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A while back, Danny Cooper contacted me about stopping by my firehouse. He visited and we had a great time. The other day, I was heading back to Roanoke and knew I would be passing his firehouse and wanted to stop by. Danny is a 2nd Lieutenant and the Property Sergeant for the Hampden-Sydney Volunteer Fire Department Company 2 (HSVFD) in Prince Edward County, VA. The department’s territory includes Hampden-Sydney College and a large part of Prince Edward County.
I always appreciate being able to visit firehouses. My father used to take me around to various houses when I was younger. This is something he still does today. We take in a firehouse every once in a while when we are together as well.
The department began in 1970 (potentially prior, but that is the date they use). Some of their history is here.
“The Mcllwaine Hall fire in 1957 finned the College’s resolve to have its own fire department; after students prevented the Farmville firefighters from doing their job, the chief wrote the College and said they would never again answer afire call to the campus.” (source)
The HSVFD runs about 130 calls per year. They aren’t the busiest, but they get the job done when they need to. As a matter of fact, they rely heavily on student firefighters from Hampden-Sydney College. Currently, they only have about a half-dozen active members until school starts back up. Then they will swell to several dozen. They don’t have a live-in program, but I told Danny they might look into it to in order to potentially boost membership and availability of members. In addition, it can help out with rooming for their firefighters. If you need more information on Live-In programs, I recommend checking out FDLiveIn.com.
I saw evidence of a 9/11 Memorial Stair Climb at the firehouse. Evidently, several members went to Richmond last year and climbed. Read more about it here. The tags from the firefighters they climbed for still hung in the firefighters’ lockers.
The Hampden-Sydney FD has a pretty decent set up. They have a big firehouse with 4 double bays. It isn’t the Taj Mahal, but it works perfect for what they need. I spoke with Danny about their needs as a department. He told me that they are good to go with the exception of turnout gear. Much of their gear needs to be replaced due to age and wear.
They have utilized grants in the past and are hoping to get a grant for turnout gear in the future.
Their apparatus is another thing…They have some very nice looking apparatus!
Engine 2-1: 1996 Pierce International Chassis. 5-Man Cab, 1250 GPM Pump, 1000 Gallon Booster Tank, HazMat Equipment, Full assortment of Hose and Tools.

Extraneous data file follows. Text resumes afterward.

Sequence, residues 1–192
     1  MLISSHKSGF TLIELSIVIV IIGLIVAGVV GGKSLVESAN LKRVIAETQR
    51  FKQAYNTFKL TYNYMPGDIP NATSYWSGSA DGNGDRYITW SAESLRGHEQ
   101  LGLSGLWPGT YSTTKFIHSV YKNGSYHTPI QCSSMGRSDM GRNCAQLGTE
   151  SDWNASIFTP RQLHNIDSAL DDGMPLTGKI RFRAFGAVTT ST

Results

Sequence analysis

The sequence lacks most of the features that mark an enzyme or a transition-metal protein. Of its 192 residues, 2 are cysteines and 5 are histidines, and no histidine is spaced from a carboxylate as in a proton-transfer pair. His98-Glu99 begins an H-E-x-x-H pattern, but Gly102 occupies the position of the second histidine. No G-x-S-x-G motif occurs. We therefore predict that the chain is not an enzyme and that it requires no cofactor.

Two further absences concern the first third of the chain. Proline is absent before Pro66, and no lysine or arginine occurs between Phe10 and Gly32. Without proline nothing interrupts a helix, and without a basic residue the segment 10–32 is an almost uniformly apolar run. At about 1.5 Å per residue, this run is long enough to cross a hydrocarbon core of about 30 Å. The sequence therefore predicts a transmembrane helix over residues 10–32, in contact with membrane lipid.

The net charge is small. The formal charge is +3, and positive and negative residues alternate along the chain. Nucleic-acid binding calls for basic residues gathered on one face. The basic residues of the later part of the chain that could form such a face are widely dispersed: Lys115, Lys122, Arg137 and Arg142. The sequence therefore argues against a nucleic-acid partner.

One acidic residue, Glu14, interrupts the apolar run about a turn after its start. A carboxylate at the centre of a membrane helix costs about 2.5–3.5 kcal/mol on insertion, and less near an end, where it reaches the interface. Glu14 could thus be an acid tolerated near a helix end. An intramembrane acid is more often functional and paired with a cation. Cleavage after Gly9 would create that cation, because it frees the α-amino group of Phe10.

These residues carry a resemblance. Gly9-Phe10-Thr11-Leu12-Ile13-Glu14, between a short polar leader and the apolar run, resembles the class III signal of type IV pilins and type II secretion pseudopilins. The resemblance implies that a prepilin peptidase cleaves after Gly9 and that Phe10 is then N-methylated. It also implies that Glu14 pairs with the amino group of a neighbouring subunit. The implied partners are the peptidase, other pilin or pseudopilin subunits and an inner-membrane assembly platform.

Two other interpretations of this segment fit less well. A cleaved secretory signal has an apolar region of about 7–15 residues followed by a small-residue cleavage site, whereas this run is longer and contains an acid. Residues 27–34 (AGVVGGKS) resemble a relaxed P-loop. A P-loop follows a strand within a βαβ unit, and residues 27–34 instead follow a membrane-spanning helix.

Engine 2-2: 2006 Smeal Sirius II. 6-Man Custom Cab, Cummins 400 HP, Waterous 1500 GPM Pump, 1000 Gallon Booster Tank w/ 50 Gallon Foam cell, Front-Mounted large-diameter intake, 2 1.75″ 200 Ft. Crosslays, 200 Ft. 1.75″ Jump Line, 200 Ft. Booster line, 1000 Ft. 4″, 700 Ft. 3″, 500 Ft. 2.5″ Preconnected to Highrise Pack. Full Assortment of Tools.
Tanker 2-6: 2005 Freightliner American LaFrance Conversion. 3-Man Cab, 500 GPM Pump, 2000 Gallon Booster Tank, 2100 Gallon Drop tank, 1000 Ft. 3″ Hose, 250 GPM Portable Pump.
Truck 2: 2005 Smeal Sirius II 75′ Aerial. 6-Man Custom Cab, 75′ Heavy Duty Aerial w/ Pre-piped waterway rated at 1250 GPM, 2000 GPM Pump, 400 Gal. Booster Tank, 200 ft. 1.75″ Trash Line, 2 – 200 Ft. 1.75″ Crosslays, 200 Ft. 2.5″ Crosslay, 1000 Ft. 4″ LDH, Stokes Basket and rigging, Full assortment of Tools and Scene Lighting.
Utility 2-8: 2002 Ford F-250 Ambulance Conversion. 2nd-out BLS First Response, Capable of Transporting 7 Firefighters, Rehab Supplies, Full assortment of BLS, Wildland Firefighting, and Haz-Mat Equipment.
Brush 2-4: 1987 Chevy 3500. 2-Man Cab, 250 GPM Pump with Class A Foam System, 250 Gallon Booster Tank, 10 Foam Cell, 200 Ft. Booster Reel, Full assortment of Wildland Firefighting Tools.
EMS 2-9: 2011 Chevrolet Tahoe SSV. BLS First Response, Full assortment of BLS equipment, Panasonic Toughbook.
David P. Bruce
On May 9, 1981, David P. Bruce (Hampden-Sydney College Class of 1985) was fatally injured responding to a house fire alarm. The firehouse is named after him. He is the only Line of Duty Death for Hampden-Sydney FD. I found this information and some more from this link (go there and search for “Bruce”).
One other thing I will add is that back in January of 2008, I was traveling from Richmond to Roanoke passing through Prince Edward County. I passed two firefighters responding POV in the other direction. I decided to see what was going on. I followed them to the Prospect VFD and asked what was going on. They informed me there was a house fire nearby on Twenty-Two Road. I had my camera so I followed the units to the fire. Several companies from Prince Edward County responded including Hampden-Sydney, Pamplin, Rice, Darlington Heights, and Prospect if I remember correctly.
While there, I was able to snap over 300 pictures. This was originally shared on VaFireNews.com. Some of them are below.